These 2 nations are welcoming peace after 20 years of war. The world should pay attention.

Two East African nations have made some groundbreaking history that's sending positive diplomacy vibes around the world.

Ethiopia and Eritrea ended a 20-year war, marking a new era for the region — and the world — in diplomacy and peace.

A local police station in Badme, a formerly disputed town near the border of Ethiopia and Eritrea, was painted with the design of the Ethiopian flag. Photo by Maheder Haileselassie Tadese/AFP/Getty Images.


Setting an example for numerous countries in the West and East that are struggling to rebuild their own diplomatic relationships, Ethiopian Prime Minister Abiy Ahmed and Eritrean President Isaias Afwerki were seen embracing and grinning as they signed an unprecedented declaration to end the war during a summit in Asmara, Eritrea's capital. In a Twitter post that documented the event, Eritrean Minister of Information Yemane Meskel said "a new era of peace and friendship has been ushered."

In 1993, Eritrea voted for independence from Ethiopia. As with many formerly colonized nations that are newly independent, Eritrea struggled with economic growth, going deeper into a hole of economic disaster and social inequity. Ethiopia, which has been landlocked since Eritrea's independence, has been strategically interested in a critical Eritrean port called Assab.

This tension between the two nations led to a brutal border war that broke out in the late 1990s and claimed the lives of roughly 80,000 people. After years of attempts at peace deals — including the Algiers Agreement — and deteriorating relationships, any sort of reconciliation seemed unlikely. That is, until Abiy visited Eritrea on July 8.

Abiy became the first Ethiopian leader to set foot in Eritrea in the current century.

Peace talks took place in Ethiopia in late June. Photo by Yonas Tadesse/AFP/Getty Images.

He was warmly welcomed at the airport by Afwerki and other senior Eritrean officials, showing the power of unity between African nations and a wonderful example of what ongoing peace talks can do.

Abiy, a former soldier who fought in the war, agreed to uphold Ethiopia's end of the peace deal that serves to end the border conflict. His swift actions surprised even those who had been studying the conflict for years.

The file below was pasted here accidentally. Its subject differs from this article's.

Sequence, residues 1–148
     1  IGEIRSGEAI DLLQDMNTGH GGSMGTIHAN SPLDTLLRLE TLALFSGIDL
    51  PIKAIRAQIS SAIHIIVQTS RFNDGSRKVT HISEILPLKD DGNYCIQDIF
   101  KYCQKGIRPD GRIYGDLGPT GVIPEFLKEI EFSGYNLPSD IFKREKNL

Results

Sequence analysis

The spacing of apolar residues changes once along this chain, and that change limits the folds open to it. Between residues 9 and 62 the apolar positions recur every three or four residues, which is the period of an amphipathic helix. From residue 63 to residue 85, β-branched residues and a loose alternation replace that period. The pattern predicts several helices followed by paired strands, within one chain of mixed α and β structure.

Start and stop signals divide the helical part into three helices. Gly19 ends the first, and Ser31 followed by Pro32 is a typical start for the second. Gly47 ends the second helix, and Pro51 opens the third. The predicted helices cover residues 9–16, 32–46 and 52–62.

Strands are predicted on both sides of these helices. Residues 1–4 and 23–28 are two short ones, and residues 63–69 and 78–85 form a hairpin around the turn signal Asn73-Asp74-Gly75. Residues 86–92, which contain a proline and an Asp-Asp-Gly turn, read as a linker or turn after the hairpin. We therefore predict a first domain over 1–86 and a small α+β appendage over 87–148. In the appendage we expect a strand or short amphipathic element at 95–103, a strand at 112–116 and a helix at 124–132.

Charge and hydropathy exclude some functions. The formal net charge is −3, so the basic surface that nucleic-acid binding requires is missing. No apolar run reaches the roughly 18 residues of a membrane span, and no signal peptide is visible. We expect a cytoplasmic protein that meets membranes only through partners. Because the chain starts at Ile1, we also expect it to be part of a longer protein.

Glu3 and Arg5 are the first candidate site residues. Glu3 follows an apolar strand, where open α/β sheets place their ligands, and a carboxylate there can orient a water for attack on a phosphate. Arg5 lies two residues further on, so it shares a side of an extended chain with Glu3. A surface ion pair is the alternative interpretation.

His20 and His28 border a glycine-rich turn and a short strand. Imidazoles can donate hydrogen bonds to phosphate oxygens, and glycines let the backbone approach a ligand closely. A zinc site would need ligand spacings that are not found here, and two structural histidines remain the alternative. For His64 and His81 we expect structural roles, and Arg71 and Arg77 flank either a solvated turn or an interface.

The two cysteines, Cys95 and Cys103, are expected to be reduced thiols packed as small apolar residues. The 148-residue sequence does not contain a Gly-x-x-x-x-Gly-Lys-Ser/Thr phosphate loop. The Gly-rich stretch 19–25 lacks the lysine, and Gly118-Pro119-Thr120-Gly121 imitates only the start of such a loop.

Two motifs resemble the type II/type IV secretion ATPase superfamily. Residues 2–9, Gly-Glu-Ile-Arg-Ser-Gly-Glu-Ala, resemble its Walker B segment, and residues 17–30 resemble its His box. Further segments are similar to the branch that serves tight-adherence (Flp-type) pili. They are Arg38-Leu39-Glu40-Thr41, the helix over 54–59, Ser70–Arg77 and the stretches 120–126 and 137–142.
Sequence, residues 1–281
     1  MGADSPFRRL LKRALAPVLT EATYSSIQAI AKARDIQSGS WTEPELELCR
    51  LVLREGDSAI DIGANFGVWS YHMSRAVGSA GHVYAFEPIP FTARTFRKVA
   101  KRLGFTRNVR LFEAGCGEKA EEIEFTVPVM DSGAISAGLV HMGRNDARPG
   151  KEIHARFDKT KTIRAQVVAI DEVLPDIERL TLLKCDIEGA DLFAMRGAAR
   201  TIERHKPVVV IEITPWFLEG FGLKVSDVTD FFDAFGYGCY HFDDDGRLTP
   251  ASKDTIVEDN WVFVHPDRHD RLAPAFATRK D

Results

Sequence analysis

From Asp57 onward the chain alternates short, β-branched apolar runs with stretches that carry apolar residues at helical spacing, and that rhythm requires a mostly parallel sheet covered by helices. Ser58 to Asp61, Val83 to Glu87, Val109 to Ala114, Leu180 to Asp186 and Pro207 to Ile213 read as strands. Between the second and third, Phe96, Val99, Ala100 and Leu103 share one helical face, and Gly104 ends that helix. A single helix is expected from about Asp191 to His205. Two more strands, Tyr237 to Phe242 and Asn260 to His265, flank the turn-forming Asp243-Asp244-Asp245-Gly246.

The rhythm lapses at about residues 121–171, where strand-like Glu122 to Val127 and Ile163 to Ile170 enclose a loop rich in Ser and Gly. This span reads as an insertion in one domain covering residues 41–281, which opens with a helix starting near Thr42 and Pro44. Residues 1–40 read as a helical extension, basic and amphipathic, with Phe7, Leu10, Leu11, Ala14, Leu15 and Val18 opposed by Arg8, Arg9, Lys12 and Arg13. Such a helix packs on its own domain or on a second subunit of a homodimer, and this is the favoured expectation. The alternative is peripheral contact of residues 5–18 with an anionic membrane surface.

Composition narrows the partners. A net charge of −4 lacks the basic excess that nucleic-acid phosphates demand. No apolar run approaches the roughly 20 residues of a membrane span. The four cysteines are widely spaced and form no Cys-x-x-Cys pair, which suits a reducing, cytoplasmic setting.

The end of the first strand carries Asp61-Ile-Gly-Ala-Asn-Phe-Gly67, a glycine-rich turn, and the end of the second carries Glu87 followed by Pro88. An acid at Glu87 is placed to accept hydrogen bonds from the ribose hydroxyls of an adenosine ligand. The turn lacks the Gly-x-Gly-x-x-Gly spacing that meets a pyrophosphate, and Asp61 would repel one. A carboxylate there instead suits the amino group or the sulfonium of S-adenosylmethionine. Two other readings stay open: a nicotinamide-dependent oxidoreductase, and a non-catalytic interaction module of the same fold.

"I did not expect the speed and the enthusiasm," Goitom Gebreluel, who researches Ethiopia's foreign policy at the University of Cambridge in England, told The New York Times. "I believe that this had been decided a while back and the leadership changes within EPRDF [Ethiopian People's Revolutionary Democratic Front] facilitated it."

It's clear that this peace agreement took years of planning, negotiating, and peace talks, but the swift and unprecedented finale makes it clear:

It's possible for developing nations with years of animosity toward one another to reach peace for the good of their people.

And other nations around the world can learn from this. When leaders prioritize the health and welfare of their people — as Abiy and Afwerki did — peace becomes the obvious and easier solution.

Take note, global leaders. Ethiopia and Eritrea and leading the way on showing what good government looks like.

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On an old episode of "The Oprah Winfrey Show" in July 1992, Oprah put her audience through a social experiment that puts racism in a new light. Despite being nearly two decades old, it's as relevant today as ever.

She split the audience members into two groups based on their eye color. Those with brown eyes were given preferential treatment by getting to cut the line and given refreshments while they waited to be seated. Those with blue eyes were made to put on a green collar and wait in a crowd for two hours.

Staff were instructed to be extra polite to brown-eyed people and to discriminate against blue-eyed people. Her guest for that day's show was diversity expert Jane Elliott, who helped set up the experiment and played along, explaining that brown-eyed people were smarter than blue-eyed people.

Watch the video to see how this experiment plays out.